When Brendan Rodgers shocked Celtic fans with his sudden decision to leave and become Leicester City manager, a quick replacement was needed to keep the ship steady.
They turned to their former boss, Neil Lennon, of course, which, in many ways, was an easy decision.
He is still held in high esteem by the fans, he has experience of winning trophies at the club, and he was currently out of work.
So it was a win all round when he agreed to step into the breach until the end of the season.
But will he get the job on a permanent basis for a second time?
The club are on the verge of clinching yet another league title — with Lennon having presided over four wins and a draw in his five games in charge — and they are in the semi-final of the Scottish Cup.
At virtually any other club in football, were they to win both domestic competitions, the manager would be given the keys to the castle.
But this is not any other football club.
When a team has won eight titles in a row and a host of domestic trophies, what is the benchmark for appointing a new manager?
The one thing that Celtic want, and need, is to be successful at European level.
It is 52 years since the Lisbon Lions won the European Cup, and is still the only European success in the club’s history.
It is 16 years since their last glimpse of continental success, with a UEFA Cup Final appearance in 2003.
So, in many respects, Celtic have nothing more to prove domestically — record-setting apart — and the club must look to Europe to further themselves.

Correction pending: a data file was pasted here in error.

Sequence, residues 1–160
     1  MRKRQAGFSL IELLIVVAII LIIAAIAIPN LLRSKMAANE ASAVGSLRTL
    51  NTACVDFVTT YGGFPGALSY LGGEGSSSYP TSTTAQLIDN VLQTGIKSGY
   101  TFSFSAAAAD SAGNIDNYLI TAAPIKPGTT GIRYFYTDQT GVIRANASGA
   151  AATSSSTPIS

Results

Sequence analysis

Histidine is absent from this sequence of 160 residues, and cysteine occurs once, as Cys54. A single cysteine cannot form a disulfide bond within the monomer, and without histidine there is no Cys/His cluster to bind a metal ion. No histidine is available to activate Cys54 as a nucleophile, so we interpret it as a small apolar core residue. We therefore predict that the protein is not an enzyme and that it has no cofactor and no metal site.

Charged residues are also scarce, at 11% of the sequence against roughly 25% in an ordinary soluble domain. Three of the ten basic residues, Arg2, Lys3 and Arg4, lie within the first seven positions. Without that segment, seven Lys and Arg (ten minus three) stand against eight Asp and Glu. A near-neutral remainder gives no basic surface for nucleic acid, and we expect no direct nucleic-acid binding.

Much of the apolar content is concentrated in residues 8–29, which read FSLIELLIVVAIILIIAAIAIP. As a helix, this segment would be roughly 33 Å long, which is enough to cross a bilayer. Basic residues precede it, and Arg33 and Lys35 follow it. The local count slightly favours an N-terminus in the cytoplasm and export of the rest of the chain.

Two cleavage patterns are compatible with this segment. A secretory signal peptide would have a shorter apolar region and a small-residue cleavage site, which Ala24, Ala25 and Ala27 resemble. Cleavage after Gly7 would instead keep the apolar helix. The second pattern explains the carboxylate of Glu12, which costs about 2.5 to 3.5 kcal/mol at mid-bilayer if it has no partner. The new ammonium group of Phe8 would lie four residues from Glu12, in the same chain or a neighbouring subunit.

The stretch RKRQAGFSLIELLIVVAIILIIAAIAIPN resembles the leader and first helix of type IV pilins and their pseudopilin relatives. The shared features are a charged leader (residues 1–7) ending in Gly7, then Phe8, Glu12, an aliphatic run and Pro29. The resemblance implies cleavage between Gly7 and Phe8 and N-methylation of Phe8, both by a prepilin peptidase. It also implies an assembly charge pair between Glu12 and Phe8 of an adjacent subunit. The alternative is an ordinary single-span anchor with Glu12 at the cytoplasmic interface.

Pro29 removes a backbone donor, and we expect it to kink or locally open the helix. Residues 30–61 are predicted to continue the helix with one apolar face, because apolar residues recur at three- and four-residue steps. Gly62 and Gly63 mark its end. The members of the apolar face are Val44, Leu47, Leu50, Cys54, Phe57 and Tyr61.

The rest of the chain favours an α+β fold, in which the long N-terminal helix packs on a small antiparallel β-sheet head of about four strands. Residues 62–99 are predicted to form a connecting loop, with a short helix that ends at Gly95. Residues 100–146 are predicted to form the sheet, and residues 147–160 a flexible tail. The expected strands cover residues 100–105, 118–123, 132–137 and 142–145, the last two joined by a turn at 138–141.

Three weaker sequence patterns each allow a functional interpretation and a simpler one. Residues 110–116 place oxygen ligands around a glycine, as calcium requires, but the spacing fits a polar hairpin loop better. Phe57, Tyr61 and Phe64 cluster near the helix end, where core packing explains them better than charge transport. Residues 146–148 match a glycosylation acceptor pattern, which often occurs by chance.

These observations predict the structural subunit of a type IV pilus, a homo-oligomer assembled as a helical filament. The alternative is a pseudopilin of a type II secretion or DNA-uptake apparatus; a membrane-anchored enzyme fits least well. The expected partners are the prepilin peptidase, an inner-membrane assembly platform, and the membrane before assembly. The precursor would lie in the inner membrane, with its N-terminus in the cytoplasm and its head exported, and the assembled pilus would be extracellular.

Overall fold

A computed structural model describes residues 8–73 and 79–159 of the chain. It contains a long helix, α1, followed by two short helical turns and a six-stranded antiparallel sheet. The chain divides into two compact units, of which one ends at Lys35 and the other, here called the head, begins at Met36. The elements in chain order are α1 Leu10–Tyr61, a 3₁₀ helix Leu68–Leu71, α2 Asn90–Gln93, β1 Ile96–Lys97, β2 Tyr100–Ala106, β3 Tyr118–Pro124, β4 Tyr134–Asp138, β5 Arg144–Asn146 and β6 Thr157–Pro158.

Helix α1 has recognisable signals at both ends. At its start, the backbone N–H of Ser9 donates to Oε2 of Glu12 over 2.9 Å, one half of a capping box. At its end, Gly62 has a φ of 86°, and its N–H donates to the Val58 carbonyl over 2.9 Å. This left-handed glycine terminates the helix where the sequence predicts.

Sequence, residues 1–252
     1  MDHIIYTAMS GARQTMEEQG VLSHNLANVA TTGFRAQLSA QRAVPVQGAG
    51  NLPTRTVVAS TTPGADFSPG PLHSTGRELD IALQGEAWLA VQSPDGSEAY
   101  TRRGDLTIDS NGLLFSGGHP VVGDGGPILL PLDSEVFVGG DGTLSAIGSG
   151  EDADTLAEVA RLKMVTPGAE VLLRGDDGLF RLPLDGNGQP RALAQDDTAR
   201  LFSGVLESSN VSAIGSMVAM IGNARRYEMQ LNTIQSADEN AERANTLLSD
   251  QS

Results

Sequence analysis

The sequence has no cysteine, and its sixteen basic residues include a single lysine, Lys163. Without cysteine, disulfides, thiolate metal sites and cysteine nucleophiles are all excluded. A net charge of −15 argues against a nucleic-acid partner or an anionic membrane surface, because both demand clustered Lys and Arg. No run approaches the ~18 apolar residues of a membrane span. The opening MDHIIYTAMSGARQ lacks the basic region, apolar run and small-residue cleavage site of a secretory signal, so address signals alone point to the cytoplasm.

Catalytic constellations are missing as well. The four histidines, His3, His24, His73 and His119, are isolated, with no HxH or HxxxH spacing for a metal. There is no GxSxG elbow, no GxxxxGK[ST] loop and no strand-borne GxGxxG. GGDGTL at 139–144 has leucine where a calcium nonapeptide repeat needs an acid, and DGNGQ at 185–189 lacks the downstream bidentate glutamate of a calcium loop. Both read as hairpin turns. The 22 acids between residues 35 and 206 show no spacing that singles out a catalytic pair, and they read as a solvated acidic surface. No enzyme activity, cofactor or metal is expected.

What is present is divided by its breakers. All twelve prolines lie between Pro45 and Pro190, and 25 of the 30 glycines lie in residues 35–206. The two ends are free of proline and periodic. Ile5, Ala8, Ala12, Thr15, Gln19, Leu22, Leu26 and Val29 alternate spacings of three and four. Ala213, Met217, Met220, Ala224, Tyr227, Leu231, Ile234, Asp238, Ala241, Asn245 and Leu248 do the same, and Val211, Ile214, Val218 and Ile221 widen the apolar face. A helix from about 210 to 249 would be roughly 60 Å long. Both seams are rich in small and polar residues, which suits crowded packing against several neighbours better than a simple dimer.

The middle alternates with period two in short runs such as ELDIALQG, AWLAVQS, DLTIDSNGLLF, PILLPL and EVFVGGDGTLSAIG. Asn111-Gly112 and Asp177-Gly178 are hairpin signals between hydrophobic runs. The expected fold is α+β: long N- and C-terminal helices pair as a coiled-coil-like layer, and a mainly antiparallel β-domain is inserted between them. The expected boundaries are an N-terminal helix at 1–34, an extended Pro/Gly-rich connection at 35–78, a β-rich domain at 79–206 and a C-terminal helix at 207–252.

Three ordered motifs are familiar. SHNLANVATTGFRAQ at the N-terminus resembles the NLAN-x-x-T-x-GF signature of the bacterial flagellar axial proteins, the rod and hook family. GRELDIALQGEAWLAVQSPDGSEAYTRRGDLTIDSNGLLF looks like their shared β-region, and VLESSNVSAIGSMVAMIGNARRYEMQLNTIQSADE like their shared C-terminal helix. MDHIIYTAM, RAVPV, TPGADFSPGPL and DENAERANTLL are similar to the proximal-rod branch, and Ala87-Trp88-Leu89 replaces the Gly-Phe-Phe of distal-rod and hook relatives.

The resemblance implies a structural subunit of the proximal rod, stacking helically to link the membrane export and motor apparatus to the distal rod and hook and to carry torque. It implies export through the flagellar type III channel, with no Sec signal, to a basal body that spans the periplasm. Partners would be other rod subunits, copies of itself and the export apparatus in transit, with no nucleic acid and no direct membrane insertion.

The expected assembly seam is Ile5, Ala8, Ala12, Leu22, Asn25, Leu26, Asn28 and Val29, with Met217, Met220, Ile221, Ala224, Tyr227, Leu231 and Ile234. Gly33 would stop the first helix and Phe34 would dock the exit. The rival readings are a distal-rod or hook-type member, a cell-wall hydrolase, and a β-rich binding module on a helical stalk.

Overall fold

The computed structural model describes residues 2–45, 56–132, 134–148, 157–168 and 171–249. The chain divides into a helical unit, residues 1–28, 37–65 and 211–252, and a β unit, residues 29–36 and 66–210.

Looking back at Lennon’s first spell in charge, he managed to get Celtic to the Champions League last 16 in 2012/13 and to the group stages a year later.
But those two seasons apart, he did not get beyond the qualifying phase.
Celtic have to weigh up their options between a manager who has achieved tremendous domestic success, and has the experience to succeed in all competitions in Scotland, or look for someone new, who may have a European pedigree, but will not be familiar with the Scottish Premiership.
The smart money will be on Lennon to get another chance, possibly on a short contract, in the hope of maintaining the status quo at the club, and having an opportunity to bring some sort of Champion’s League success — the group stages as a minimum — to Celtic Park.
The bold choice would be for Peter Lawwell to take Celtic in a new direction, and making Europe the major focus.
What do you think, Celtic Fans? Should Lennon get the job? Or would you like to see the club aim for more continental glory nights? Let us know…